1 part pear juice

1 slice jalapeno

1 drop bitters

Cut a strip of jalapeno as thick as your taste will allow. Muddle it lightly in a few drops of pear juice, just enough to open up the flavor. Transfer the muddled pepper to a cocktail shaker full of ice and add the tequila, juice, and bitters. Stir thoroughly and strain into a cocktail glass.

*If a garnish is desired, a slice of fresh pear will work better than a slice of jalapeno. The drink should taste like a spicy fruit, and not a fruity vegetable.

*We’ve found that for one drink, a slice of pepper about the size of a nickel is just right. Be sure to remove the seedpod entirely. Having little pepper seeds floating around in your cocktail is less than appealing. Also, be careful not to slice the jalapeno too thin, lest tiny pieces of it end up in your glass.

*Pear juice is delicious, but it can be hard to find. We used Gerber brand juice from the baby food aisle, which is 100% juice. Pear nectar from the Goya aisle will not work in this recipe.

*Go easy on the bitters. One good drop really is quite enough.

*Finally, something like Jose Cuervo or Hornitos will work just fine for this. You always want to stay away from generic tequila, but for this drink, there’s no need to reach for the expensive stuff. Enjoy.

Share

6 Comments

Filed under Cocktails

Booze of the Future! The Chop’s Slurm Drink Recipe

Good news, everyone! We’re not going out tonight. There is not a club, party, or event that could possibly bring us one billionth of an iota of the joy we’re about to experience tonight when we tune into the RE-Premiere of Futurama on Comedy Central. It’s going to be the greatest hour of television since the last hour of television.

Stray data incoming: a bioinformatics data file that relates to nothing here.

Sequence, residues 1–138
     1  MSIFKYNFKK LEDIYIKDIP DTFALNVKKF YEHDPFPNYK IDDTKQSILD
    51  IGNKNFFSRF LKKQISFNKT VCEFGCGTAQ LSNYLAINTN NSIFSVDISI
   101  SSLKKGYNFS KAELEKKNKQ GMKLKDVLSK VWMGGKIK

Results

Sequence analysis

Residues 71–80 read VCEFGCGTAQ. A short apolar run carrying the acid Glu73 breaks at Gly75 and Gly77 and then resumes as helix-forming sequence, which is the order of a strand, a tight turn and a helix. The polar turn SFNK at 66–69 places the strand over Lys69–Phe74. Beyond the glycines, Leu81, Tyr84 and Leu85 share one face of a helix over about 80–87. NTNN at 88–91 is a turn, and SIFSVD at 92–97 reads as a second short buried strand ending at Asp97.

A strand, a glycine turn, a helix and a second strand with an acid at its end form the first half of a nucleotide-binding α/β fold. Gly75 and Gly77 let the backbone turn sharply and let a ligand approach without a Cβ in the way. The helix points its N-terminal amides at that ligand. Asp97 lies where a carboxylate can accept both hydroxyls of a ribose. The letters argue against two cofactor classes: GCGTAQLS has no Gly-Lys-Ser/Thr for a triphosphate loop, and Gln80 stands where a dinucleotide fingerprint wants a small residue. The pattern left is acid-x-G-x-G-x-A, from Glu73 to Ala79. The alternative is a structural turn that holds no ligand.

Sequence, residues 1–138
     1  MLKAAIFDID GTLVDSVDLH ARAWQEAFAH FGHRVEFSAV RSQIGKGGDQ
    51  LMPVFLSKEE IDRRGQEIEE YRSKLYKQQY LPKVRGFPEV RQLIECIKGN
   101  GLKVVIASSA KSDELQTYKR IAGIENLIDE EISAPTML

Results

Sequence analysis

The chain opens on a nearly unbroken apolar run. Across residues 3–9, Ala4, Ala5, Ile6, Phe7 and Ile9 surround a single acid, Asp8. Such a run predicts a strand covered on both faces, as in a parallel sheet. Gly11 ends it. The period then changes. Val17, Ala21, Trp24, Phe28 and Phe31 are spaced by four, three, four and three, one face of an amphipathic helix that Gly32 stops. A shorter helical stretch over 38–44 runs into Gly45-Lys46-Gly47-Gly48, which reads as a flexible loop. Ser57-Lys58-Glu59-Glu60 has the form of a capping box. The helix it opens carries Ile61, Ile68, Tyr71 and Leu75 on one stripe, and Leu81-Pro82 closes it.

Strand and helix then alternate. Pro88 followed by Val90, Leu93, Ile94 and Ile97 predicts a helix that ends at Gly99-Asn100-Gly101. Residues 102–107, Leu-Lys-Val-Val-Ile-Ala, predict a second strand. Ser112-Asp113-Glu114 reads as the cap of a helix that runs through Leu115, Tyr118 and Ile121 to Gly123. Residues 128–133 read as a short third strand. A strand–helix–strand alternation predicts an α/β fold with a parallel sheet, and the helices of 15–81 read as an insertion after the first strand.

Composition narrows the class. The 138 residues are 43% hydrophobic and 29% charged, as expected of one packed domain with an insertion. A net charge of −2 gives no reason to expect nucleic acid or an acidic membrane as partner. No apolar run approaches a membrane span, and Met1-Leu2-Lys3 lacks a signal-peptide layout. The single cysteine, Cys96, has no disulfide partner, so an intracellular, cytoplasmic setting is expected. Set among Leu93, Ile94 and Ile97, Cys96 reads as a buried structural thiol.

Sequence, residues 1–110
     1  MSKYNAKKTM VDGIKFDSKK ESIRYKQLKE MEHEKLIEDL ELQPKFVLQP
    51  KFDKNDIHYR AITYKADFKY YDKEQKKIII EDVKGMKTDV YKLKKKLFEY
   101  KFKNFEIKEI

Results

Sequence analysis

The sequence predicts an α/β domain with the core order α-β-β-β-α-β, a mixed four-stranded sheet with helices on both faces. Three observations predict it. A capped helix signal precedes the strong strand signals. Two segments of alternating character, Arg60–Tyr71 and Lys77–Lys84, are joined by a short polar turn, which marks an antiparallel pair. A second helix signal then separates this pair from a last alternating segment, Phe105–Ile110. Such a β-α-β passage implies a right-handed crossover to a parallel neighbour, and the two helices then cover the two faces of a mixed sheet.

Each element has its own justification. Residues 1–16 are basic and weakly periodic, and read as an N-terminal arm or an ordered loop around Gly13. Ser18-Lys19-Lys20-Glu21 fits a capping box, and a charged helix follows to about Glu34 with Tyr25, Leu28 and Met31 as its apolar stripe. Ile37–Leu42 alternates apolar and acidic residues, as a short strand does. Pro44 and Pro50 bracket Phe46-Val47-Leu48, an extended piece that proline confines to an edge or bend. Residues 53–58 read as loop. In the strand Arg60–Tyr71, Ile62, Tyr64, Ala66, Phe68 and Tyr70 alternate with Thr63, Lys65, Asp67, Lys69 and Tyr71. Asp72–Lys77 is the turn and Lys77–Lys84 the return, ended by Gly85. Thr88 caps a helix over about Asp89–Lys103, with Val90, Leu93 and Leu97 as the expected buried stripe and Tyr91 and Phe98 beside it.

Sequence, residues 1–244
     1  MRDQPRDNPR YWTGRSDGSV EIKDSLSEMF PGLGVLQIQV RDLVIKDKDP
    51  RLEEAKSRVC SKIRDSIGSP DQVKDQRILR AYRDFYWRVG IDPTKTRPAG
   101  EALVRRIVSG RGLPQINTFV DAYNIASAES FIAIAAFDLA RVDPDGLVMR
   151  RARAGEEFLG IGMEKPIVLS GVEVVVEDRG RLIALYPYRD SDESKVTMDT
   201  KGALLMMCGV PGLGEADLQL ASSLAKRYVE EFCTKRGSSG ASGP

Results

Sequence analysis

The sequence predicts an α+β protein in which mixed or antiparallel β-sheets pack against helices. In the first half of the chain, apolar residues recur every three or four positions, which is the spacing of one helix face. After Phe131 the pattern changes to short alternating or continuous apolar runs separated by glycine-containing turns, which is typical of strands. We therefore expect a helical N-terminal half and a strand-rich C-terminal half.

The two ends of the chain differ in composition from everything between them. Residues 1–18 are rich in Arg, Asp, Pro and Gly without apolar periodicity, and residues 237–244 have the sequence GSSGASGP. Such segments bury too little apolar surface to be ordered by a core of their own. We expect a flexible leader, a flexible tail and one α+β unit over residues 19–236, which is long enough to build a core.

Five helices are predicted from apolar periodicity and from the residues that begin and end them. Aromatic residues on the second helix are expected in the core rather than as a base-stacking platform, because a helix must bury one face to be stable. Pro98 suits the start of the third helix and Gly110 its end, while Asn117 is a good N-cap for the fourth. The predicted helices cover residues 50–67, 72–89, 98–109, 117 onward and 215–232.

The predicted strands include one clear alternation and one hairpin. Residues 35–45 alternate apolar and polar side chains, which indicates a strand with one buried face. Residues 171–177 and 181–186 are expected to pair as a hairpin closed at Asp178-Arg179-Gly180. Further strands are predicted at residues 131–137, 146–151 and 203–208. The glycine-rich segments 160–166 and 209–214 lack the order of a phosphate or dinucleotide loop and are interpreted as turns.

In celebration of the arrival of the distant future, and of the fact that we’re not driving anywhere, we’ve decided to turn our home bar into a miniature Slurm Factory with this recipe that we pulled out of the Slurm Queen’s cloaca.

The Chop’s Slurm Recipe

2 oz. light rum
1 oz. sour apple schnapps
2 oz. pineapple juice
3 oz. 7 up.

Build it in a Collins glass over ice and you can give yourself a bunch of cavities and a nasty hangover at the same time. Please don’t write in and tell us this drink is gross. We know it’s gross. That’s the point. It’s the future. Stuff is gross now. Anyway, it’s probably not as gross as the product actually branded as slurm, which may or may not still be available somewhere in the universe.

Next summer it’s all about bros slurming bros. Bite my shiny metal ass, Chump.

___________________________________________________________

The one-hour season premiere of Futurama airs on Comedy Central tonight at 10 pm.

Share

Leave a comment

Filed under Cocktails

The Chop’s Chatreuse Gimlet Cocktail Recipe

So we find ourselves in the thick of Memorial Day Weekend, and those of you that aren’t at the beach are probably spending today at some sort of cookout, potluck, garden party or other social event. In the spirit of the season, we’d like to humbly suggest you forgo the cheapie bottle of Australian Sauvignon Blanc and instead swing by Hopkins Deli for a more potent and memorable hostess gift; a bottle of Chartreuse.

As you already know, the Chop loves a classic cocktail. Unfortunately, we’re not big on gin, and very picky about rum (and not snobby picky… we like Bacardi). So when spring and summer roll around and it’s time to lighten up with the brown liquor, we find ourselves drinking too many things that taste like lemons and limes.

How can we add a little more flavor and still keep the vodka gimlet a crisp, refreshing, warm weather drink? The answer was simpler than we thought.

The Chartreuse gimlet will look similar to a traditional gimlet or daquiri.